Jun 13 • 2M

$360 Billion Worth of Books on Sale for $70

Google has over 10 million free books to read and download.

 
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How human beings create value for one another
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The Library of the Benedictine Monastery in Admont, Austria

Gutenberg innovated printing around 1440. At that time an average book cost around 135 days of labor, ranging from 15 days for a short book to 256 days for a major work. Working eight hours a day, an average book would cost 1,080 hours. Today, blue-collar hourly compensation (wages and benefits) is around $33.39. That would put the money price of a typical book at $36,061 today if there had been no book innovation since 1439.

On July 4, 1971, Michael S. Hart created one of the first ebooks when he typed the Declaration of Independence on his computer and distributed the file to all of his friends. He went on to found Project Gutenberg with the goal to encourage the creation and free distribution of eBooks. In the last 50 years with the help of thousands of volunteers, they have created thousands of digital books in over 60 languages and dialects.

Google has become the new Gutenberg. They have a library of more than 10 million free books available for users to read and download. Assuming the average book is around 250 pages and a half-inch thick would mean you need a bookshelf around 80 miles long to hold this library.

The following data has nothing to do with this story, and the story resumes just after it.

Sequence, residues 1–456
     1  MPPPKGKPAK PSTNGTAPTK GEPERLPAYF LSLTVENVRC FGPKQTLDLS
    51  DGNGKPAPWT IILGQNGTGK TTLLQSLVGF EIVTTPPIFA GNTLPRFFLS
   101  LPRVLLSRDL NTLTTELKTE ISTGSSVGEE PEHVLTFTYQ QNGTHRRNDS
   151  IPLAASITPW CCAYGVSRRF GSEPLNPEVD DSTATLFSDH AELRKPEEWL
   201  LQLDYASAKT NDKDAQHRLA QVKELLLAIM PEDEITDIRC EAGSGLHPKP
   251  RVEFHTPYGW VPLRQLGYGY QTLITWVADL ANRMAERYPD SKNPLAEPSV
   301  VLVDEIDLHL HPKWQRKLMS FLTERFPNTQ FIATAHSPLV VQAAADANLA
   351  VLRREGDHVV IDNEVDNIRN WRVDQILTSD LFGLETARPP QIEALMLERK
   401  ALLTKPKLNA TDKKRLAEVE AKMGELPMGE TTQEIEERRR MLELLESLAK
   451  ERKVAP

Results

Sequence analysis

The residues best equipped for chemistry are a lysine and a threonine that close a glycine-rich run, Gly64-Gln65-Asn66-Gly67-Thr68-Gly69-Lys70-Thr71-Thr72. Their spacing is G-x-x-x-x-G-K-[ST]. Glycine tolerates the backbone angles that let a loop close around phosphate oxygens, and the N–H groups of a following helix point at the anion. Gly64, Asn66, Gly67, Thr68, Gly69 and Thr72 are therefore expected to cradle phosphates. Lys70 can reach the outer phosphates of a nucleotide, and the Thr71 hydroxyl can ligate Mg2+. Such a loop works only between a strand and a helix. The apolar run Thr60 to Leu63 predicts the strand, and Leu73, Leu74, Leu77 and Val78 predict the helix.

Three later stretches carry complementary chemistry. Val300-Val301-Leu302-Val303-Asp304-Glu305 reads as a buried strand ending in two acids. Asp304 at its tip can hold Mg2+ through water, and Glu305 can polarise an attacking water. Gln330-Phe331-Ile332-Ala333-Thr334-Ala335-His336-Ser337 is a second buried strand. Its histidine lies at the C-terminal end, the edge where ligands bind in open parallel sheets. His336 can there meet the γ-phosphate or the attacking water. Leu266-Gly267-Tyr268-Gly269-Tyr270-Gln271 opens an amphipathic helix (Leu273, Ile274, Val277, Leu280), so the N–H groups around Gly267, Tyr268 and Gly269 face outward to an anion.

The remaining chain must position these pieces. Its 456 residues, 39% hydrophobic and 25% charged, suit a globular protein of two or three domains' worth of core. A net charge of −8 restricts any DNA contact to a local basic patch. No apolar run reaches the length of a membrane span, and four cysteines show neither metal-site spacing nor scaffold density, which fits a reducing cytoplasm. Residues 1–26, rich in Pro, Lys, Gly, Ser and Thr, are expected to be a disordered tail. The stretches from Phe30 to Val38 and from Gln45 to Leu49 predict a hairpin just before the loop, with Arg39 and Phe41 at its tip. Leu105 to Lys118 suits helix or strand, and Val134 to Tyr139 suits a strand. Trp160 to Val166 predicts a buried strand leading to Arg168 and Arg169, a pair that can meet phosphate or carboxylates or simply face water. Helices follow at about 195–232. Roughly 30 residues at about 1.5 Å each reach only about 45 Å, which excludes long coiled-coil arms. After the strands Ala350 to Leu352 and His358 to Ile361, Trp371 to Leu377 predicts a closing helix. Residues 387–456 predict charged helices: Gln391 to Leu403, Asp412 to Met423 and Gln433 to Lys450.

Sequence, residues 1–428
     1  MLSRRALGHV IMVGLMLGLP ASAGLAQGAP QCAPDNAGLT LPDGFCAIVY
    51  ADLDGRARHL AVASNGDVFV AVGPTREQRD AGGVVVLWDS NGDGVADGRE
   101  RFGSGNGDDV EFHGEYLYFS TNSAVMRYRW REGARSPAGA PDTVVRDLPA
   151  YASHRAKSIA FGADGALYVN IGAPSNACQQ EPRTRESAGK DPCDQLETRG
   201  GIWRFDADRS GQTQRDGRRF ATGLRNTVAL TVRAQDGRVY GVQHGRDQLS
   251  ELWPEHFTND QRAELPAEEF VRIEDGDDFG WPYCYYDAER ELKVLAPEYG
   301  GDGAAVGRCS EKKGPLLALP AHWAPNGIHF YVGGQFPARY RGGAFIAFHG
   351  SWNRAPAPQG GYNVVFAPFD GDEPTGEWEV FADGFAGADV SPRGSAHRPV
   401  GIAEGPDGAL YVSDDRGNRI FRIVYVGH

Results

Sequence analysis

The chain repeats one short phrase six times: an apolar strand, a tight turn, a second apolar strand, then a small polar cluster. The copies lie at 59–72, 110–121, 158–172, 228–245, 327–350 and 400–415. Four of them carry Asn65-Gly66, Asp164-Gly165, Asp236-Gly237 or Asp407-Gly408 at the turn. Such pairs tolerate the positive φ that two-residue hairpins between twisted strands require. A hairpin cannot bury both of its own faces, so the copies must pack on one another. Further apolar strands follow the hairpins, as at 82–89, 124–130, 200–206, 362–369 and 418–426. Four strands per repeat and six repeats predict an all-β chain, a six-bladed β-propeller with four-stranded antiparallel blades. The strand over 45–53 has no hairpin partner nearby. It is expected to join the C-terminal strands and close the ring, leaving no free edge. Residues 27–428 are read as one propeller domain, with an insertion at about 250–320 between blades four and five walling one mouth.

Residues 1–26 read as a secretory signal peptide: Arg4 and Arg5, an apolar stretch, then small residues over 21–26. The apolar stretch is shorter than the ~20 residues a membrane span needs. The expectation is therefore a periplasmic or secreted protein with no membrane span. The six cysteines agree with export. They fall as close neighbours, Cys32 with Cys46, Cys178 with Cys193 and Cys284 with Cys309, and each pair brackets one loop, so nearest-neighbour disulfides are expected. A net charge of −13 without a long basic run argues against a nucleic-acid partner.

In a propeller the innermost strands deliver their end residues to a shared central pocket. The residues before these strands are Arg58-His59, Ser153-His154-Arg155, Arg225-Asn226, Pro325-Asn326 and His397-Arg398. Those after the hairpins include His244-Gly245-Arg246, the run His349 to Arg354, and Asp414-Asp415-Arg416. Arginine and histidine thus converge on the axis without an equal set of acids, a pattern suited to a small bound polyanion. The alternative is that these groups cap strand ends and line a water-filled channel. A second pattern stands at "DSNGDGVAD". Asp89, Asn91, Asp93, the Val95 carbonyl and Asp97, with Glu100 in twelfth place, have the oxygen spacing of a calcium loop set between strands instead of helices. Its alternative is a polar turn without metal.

Before Gutenberg and his press and Hart and his computer and Google and the internet and Amazon and their digital tablet and memory chip makers, it would cost $360,612,000,000 to have a 10 million volume library. It would take 5.4 million people working full time for a year to create this library in 1439.

Today you have have this library for around $70: $50 for the tablet and $20 for the 1 TB memory stick. Another really valuable feature we enjoy today is being able to search for a word or phrase in any of these books.

We also note that there are 20 times more people on the planet today than in 1440. More people are making things exponentially more abundant because the source of ideas and innovations are human beings. We can all enrich one another as we discover and create and share our valuable new knowledge.

In 2022 we can all enjoy reading a great book for almost free and use our extra 1,080 hours to create some valuable new knowledge to share.

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You can learn more about these economic facts and ideas in our forthcoming book, Superabundance, available for pre-order at Amazon. Jordan Peterson calls it a “profoundly optimistic book.”

Gale Pooley is a Senior Fellow at the Discovery Institute and a board member at Human Progress.